Disopyramide Phosphate

DISOPYRAMIDE PHOSPHATE- disopyramide phosphate capsule
Carilion Materials Management

DESCRIPTION

Disopyramide Phosphate is an antiarrhythmic drug available for oral administration in capsules containing 100 mg or 150 mg of disopyramide base, present as the phosphate. The base content of the phosphate salt is 77.6%. The structural formula of Disopyramide Phosphate is:

\\Client\X$\Products\Disopyramide Phosphate Capsules (070101 and 070102)\Submissions\2015-08-12 AR -- AJK\Working\INSERT\Image Files\DisoPhosCaps-s.jpg

C21 H29 N3 O•H3 PO4 M.W. 437.47

α-[2-(diisopropylamino) ethyl]-α-phenyl-2-pyridineacetamide phosphate

Disopyramide Phosphate is freely soluble in water, and the free base (pKa 10.4) has an aqueous solubility of 1 mg/mL. The chloroform:water partition coefficient of the base is 3.1 at pH 7.2.

Disopyramide Phosphate is a racemic mixture of d — and l -isomers. This drug is not chemically related to other antiarrhythmic drugs.

Inactive Ingredients: Capsules: Lactose Monohydrate, Magnesium Stearate and Sodium Starch Glycolate.

Capsule Print and Shell Constituents: Black Iron Oxide, D&C Red #28, D&C Red #33, D&C Yellow #10, D&C Yellow #10 Aluminum Lake, FD&C Blue #1, FD&C Blue #1 Aluminum Lake, FD&C Blue #2 Aluminum Lake, FD&C Red #40 Aluminum Lake, Gelatin, Propylene Glycol, Shellac, Sodium Lauryl Sulfate, Sorbitan Monolaurate and Titanium Dioxide.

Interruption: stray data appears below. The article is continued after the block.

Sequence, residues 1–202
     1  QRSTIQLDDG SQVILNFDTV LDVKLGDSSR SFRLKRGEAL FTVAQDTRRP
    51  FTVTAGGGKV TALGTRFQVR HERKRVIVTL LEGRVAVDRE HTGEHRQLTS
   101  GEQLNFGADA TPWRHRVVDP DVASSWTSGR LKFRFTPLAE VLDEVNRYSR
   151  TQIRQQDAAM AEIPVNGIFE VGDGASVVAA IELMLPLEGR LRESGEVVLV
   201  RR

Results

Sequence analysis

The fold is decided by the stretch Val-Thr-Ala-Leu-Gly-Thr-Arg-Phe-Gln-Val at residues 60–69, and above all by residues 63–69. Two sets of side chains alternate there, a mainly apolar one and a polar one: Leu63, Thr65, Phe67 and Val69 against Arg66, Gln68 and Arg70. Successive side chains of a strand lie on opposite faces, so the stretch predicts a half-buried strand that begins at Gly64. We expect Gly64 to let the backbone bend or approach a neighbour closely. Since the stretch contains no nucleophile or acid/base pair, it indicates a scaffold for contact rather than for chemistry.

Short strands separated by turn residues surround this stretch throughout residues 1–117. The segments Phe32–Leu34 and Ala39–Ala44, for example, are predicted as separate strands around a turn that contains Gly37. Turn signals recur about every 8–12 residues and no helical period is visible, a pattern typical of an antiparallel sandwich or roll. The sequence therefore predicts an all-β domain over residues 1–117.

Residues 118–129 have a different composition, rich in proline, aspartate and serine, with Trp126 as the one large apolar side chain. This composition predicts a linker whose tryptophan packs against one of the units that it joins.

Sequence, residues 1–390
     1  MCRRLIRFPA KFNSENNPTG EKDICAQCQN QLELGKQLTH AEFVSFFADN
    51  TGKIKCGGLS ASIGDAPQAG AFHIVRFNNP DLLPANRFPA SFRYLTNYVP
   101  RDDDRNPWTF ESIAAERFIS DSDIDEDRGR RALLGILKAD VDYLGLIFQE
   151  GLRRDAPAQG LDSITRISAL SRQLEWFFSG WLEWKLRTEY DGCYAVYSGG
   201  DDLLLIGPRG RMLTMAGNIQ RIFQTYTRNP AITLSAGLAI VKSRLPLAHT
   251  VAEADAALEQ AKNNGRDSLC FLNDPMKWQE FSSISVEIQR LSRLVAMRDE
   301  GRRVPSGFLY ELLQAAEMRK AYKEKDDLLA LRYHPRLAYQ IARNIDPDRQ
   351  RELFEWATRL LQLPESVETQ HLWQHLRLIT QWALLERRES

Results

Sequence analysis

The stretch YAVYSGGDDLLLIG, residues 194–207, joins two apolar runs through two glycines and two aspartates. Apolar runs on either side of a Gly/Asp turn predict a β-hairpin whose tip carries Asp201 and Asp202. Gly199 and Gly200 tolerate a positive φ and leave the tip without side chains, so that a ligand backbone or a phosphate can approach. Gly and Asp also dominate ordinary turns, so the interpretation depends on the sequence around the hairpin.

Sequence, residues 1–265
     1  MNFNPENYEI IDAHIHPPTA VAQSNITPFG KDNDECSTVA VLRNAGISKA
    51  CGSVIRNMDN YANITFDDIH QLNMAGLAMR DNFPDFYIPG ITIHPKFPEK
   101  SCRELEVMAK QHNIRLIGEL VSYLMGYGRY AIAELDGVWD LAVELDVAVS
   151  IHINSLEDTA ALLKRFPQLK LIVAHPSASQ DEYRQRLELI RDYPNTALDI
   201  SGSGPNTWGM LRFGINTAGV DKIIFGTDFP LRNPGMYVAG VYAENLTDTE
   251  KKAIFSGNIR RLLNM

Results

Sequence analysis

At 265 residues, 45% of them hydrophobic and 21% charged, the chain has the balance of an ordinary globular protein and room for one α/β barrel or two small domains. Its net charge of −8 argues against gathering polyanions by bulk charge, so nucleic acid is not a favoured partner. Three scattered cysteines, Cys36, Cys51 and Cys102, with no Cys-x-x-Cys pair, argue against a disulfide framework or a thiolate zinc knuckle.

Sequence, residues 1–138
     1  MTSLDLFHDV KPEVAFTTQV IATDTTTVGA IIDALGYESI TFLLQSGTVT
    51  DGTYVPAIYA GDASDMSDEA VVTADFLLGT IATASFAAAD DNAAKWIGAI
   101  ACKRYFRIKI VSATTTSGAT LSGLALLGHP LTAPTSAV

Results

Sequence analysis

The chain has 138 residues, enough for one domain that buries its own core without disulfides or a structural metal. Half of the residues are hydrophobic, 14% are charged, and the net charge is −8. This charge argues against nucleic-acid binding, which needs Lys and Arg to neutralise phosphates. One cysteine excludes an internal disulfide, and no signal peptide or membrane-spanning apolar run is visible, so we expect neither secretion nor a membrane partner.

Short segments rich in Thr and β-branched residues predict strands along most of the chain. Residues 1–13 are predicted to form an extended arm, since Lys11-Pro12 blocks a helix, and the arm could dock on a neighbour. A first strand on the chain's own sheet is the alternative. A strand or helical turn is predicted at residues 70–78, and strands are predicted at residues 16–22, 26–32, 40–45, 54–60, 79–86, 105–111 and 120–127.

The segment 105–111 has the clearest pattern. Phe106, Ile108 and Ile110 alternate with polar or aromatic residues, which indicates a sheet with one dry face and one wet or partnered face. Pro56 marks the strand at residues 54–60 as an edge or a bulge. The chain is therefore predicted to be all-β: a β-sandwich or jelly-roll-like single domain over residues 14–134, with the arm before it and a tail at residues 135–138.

CLINICAL PHARMACOLOGY

Mechanisms of Action

Disopyramide Phosphate is a Type 1 antiarrhythmic drug (i.e., similar to procainamide and quinidine). In animal studies, Disopyramide Phosphate decreases the rate of diastolic depolarization (phase 4) in cells with augmented automaticity, decreases the upstroke velocity (phase 0) and increases the action potential duration of normal cardiac cells, decreases the disparity in refractoriness between infarcted and adjacent normally perfused myocardium, and has no effect on alpha- or beta-adrenergic receptors.

Electrophysiology

In man, Disopyramide Phosphate at therapeutic plasma levels shortens the sinus node recovery time, lengthens the effective refractory period of the atrium, and has a minimal effect on the effective refractory period of the AV node. Little effect has been shown on AV-nodal and His-Purkinje conduction times or QRS duration. However, prolongation of conduction in accessory pathways occurs.

Hemodynamics

At recommended oral doses, Disopyramide Phosphate rarely produces significant alterations of blood pressure in patients without congestive heart failure (see WARNINGS). With intravenous Disopyramide Phosphate, either increases in systolic/diastolic or decreases in systolic blood pressure have been reported, depending on the infusion rate and the patient population. Intravenous Disopyramide Phosphate may cause cardiac depression with an approximate mean 10% reduction of cardiac output, which is more pronounced in patients with cardiac dysfunction.

Anticholinergic Activity

The in vitro anticholinergic activity of Disopyramide Phosphate is approximately 0.06% that of atropine; however, the usual dose for Disopyramide Phosphate is 150 mg every 6 hours compared to 0.4 to 0.6 mg for atropine (see WARNINGS and ADVERSE REACTIONS for anticholinergic side effects).

Pharmacokinetics

Following oral administration of Disopyramide Phosphate, disopyramide phosphate is rapidly and almost completely absorbed, and peak plasma levels are usually attained within 2 hours. The usual therapeutic plasma levels of disopyramide base are 2 to 4 mcg/mL, and at these concentrations protein binding varies from 50% to 65%. Because of concentration-dependent protein binding, it is difficult to predict the concentration of the free drug when total drug is measured.

The mean plasma half-life of disopyramide in healthy humans is 6.7 hours (range of 4 to 10 hours). In six patients with impaired renal function (creatinine clearance less than 40 mL/min), disopyramide half-life values were 8 to 18 hours.